Eating Disorders and Their Medical Symptoms
Frederick R. Jelovsek MD
Eating disorders -- anorexia nervosa, bulimia nervosa and binge-eating disorder -- occur most commonly in adolescent girls or young women. The death rate from anorexia nervosa is 0.5% a year. Over 50% of eating disorders go unrecognized and it is thought that an estimated 3% of young women have these illnesses. A review article, Becker AE, Grinspoon SK, Klibanski A, Herzog DB: Eating Disorders. N Engl J Med 1999; 340:1092-1098. helps answer some of the questions about this unrecognized group of problems.
What are diagnostic criteria for these eating disorders?
- Body weight less than 85% of expected weight or body mass index (BMI) less than 17.5
- Intense fear of weight gain
- Inaccurate perception of own body size weight or shape
- Recurrent binge eating ( at least 2 times per week for 3 months)
- Recurrent induced vomitting (purging), excessive exercise, or fasting ( at least 2 times per week for 3 months)
- Excessive concern about body weight or shape
- Absence of anorexia nervosa
- Recurrent binge eating (at least two days a week for 6 months)
- Marked distress with at least 3 of the following:
eating very rapidly
eating until uncomfortably full
eating when not hungry
feeling disgusted or guilty after a binge
- No recurrent purging, excessive exercise or fasting
- Absence of anorexia nervosa
Other (atypical) eating disorders
- Clinically important disordered eating, inappropriate weight control, or excessive concern about body weight or shape that does not meet all the criteria for anorexia nervosa, bulimia nervosa, or binge-eating disorder.
How can I recognize an eating disorder in someone else?
There are both body changes and behavioral changes that may signal an eating disorder. Bodily changes may include:
- arrested growth
- marked change or frequent fluctuation in weight
- inability to gain weight
- constipation or diarrhea
- susceptibility to fractures
- delayed onset of first menses
- abnormal levels of blood chemistries
Behavioral changes may include:
- change in eating habits
- difficulty eating in social settings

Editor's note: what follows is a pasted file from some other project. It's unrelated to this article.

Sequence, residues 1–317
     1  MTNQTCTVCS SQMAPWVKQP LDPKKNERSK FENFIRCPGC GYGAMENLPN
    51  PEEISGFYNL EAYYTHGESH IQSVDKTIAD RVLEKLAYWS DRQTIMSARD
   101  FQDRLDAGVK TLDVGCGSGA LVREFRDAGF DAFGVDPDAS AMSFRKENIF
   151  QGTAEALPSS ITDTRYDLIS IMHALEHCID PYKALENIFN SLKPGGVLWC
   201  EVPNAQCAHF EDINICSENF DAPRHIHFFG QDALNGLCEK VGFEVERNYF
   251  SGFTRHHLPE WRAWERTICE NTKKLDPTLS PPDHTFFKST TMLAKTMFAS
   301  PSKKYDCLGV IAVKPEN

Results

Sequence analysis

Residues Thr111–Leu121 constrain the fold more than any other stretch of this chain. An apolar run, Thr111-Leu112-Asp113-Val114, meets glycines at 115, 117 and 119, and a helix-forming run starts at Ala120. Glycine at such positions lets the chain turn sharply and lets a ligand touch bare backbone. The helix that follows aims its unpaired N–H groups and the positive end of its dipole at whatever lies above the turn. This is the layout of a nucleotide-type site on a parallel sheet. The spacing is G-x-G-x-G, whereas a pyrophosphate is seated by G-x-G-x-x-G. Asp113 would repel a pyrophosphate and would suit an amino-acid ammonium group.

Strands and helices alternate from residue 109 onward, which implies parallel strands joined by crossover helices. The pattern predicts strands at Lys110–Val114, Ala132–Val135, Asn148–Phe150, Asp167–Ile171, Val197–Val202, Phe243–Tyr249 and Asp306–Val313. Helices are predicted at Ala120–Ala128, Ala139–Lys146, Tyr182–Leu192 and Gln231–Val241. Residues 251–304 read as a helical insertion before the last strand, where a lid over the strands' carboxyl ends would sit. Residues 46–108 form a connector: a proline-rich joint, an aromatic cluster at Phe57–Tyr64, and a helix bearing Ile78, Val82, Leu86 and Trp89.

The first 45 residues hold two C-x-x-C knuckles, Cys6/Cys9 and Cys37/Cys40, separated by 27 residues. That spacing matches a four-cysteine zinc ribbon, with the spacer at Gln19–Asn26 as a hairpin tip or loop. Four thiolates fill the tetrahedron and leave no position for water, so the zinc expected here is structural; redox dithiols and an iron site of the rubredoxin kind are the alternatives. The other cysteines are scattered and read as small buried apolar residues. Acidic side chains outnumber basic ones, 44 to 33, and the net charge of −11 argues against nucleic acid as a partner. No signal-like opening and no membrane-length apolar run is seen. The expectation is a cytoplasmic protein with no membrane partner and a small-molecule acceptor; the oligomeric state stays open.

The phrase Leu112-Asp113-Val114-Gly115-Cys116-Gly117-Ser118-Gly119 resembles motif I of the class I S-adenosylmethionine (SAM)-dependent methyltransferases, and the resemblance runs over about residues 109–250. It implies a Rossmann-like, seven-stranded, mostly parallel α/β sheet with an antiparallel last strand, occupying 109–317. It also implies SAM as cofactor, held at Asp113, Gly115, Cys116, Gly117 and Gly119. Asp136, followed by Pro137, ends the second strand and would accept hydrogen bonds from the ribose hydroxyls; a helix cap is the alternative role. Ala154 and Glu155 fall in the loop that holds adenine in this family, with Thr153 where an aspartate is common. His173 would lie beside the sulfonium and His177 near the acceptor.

- reluctance to be weighed
- social withdrawal
- absence from school or work
- deceptive or secretive behavior
- stealing (e.g., to obtain food)
- substance abuse
- excessive exercise
What is considered underweight or over weight?
While different criteria have been used by various medical groups the following levels are adapted from the Harvard Eating Disorders Center in Boston.
Weight ranges for adults
|Classification||BMI||Weight at 5'3" (162 cm)|
|Obese||over 30||over 170 lbs (79 kg)|
|Overweight||25-30||141-169 lbs (66-78 kg)|
|Normal weight||20-25||113-140 lbs (53-65 kg)|
|Underweight||17.5-20||91-112 lbs (46-52 kg|
|Very underweight||less than 17.5||less than 90 lbs (46 kg)|
What are some of the medical complications of anorexia or bulimia?
There are many complications of these disorders. In the oral cavity, there can be increased dental caries, gum disease, parotid gland enlargement and swollen lymph nodes under the jaw. In the cardiovascular system, hypotension, EKG changes, slow heart rate, heart enlargement and mitral valve prolapse can be seen. Liver and pancreas damage, esophagitis, constipation and rectocoele are gastrointestinal manifestations commonly seen.
Since women with these disorders have no menses or ovarian ovulation, the secondary effects of low estrogens cause delay in puberty, osteoporosis, infertility, lipid abnormalities, euthyroid sick syndrome, and other endocrine or chemical disturbances. During pregnancy, insufficient weight gain and low birthweight babies occur.
Finally, skin changes such as dry skin and hair, hair loss, yellow skin and hand abrasions may be part of the clinical picture. Women may also have anemia, low white blood cell counts or low platelets, and even peripheral nerve problems.
How successful are the treatments for these eating disorders?
About half of women who have anorexia nervosa or bulimia nervosa will have a full recovery if they get in a psychiatric counselling program. Approximately 30% have a partial recovery and 20% have no substantial improvement in symptoms. Only if the weight gets to be 75% or less of expected body weight is hospitalization usually necessary. Psychopharmacologic therapy is less successful in anorexia and more commonly used with bulimia nervosa. Estrogens and regulation of menses or the prevention of hypoestrogenic complications must be individually applied.
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